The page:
A spokesperson for the Plymouth Brethren Christian Church said: “Any insinuation that the Plymouth Brethren Christian Church as an organisation stands to benefit from private businesses that are totally separate from the Church is completely false.

“To conflate the contracts awarded to private businesses with an entire religious organisation, based on the religious beliefs of a small number of individual business owners is categorically incorrect.”


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Evan Aled Bayton
Evan Aled Bayton
7 months ago

Yet another reason why charities should not have tax relief. Charitable status is now granted to almost anything. War on Want which is a political pressure group with no real discernible direct charitable function is a charity. There are too many charities many of which are inefficient or corrupt and some frankly criminal. Unfortunately the Charity Commission is so understaffed that there is little hope of any progress in deleting superfluous ones.

John Davies
John Davies
7 months ago

My grandparents’ generation on my mother’s side was dominated by two members of the Plymouth Brethren who used methods that can only be described as religious and emotional terrorism. The damage they did and the way it echoed down the generations was abominable. These are really not nice people.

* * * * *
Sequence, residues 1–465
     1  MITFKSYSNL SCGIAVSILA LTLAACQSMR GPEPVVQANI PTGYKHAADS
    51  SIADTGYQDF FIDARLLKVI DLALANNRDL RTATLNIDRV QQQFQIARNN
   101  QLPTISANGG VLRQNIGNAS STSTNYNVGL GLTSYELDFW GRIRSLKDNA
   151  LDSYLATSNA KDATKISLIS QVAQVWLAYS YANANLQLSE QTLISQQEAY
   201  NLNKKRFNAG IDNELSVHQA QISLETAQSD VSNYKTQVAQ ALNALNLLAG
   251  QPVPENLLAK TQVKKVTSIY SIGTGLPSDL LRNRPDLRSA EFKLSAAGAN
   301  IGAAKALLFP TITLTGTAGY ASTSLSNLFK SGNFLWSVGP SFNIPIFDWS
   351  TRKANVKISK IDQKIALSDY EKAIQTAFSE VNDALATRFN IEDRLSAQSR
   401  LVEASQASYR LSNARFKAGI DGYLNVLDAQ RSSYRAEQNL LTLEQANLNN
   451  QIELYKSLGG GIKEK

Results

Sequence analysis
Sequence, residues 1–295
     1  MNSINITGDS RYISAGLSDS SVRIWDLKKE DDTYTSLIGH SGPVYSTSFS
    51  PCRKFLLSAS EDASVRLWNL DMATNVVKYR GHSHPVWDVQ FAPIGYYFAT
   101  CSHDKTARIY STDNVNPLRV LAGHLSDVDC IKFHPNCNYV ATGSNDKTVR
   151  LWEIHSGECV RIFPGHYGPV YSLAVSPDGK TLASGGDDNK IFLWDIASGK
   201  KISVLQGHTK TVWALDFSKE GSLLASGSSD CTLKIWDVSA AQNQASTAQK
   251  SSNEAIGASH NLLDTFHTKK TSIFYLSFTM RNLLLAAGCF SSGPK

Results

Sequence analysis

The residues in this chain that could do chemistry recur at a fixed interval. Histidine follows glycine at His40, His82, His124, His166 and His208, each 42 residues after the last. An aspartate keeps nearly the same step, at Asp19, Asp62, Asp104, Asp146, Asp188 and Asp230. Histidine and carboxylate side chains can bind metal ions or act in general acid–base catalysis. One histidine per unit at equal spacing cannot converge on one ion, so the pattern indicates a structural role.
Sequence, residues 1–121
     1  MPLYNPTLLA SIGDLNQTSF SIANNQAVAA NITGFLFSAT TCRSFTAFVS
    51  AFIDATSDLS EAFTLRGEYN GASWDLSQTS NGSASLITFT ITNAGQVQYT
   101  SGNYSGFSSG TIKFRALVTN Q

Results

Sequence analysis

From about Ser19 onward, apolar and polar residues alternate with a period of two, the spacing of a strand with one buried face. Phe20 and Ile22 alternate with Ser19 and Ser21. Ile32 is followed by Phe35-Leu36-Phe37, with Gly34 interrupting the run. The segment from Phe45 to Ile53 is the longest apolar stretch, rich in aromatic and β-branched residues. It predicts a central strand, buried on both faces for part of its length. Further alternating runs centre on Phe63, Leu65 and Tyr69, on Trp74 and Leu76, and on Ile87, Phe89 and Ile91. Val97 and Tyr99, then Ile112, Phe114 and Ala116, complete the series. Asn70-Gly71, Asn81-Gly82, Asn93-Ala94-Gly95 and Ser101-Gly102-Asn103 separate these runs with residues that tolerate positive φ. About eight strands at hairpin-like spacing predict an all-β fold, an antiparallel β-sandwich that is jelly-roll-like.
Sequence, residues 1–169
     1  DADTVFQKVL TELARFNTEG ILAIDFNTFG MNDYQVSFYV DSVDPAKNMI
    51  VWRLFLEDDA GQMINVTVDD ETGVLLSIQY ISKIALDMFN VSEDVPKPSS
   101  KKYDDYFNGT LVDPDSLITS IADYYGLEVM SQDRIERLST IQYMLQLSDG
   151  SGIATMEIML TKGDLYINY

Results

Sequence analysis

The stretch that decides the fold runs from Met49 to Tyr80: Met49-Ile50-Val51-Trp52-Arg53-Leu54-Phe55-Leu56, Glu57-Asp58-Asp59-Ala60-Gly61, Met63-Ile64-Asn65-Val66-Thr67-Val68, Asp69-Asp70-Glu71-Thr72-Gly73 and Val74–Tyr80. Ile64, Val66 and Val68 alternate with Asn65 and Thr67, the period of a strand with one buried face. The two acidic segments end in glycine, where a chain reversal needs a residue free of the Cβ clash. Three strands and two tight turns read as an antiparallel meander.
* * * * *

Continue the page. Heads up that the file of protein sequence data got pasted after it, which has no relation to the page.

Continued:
Mab Meirion
Mab Meirion
7 months ago

What a list of MPs, buy your own Tory MP here, Fiona Bruce! Hundreds of Covid millions, the depth of skulduggery in the UK is staggering…

Owain Morgan
Owain Morgan
7 months ago

I have a loathing for organisations that abuse charitable status to avoid, or is it evade, paying taxes. This organisation sounds no different to Scientology to me.

As for the original issue, it demonstrates that they’re not Christians because they don’t even respect Christian graves.

This whole thing is a front for money laundering. I mean are their accounts to the Charitable Trust/Charity Commission accurate and verifiable through other sources?!

James
James
7 months ago

I dont understand this article. I have worked alongside Brethren for years and found them to be the kindest and gentlest people I have ever met. I am sure they will sort this problem out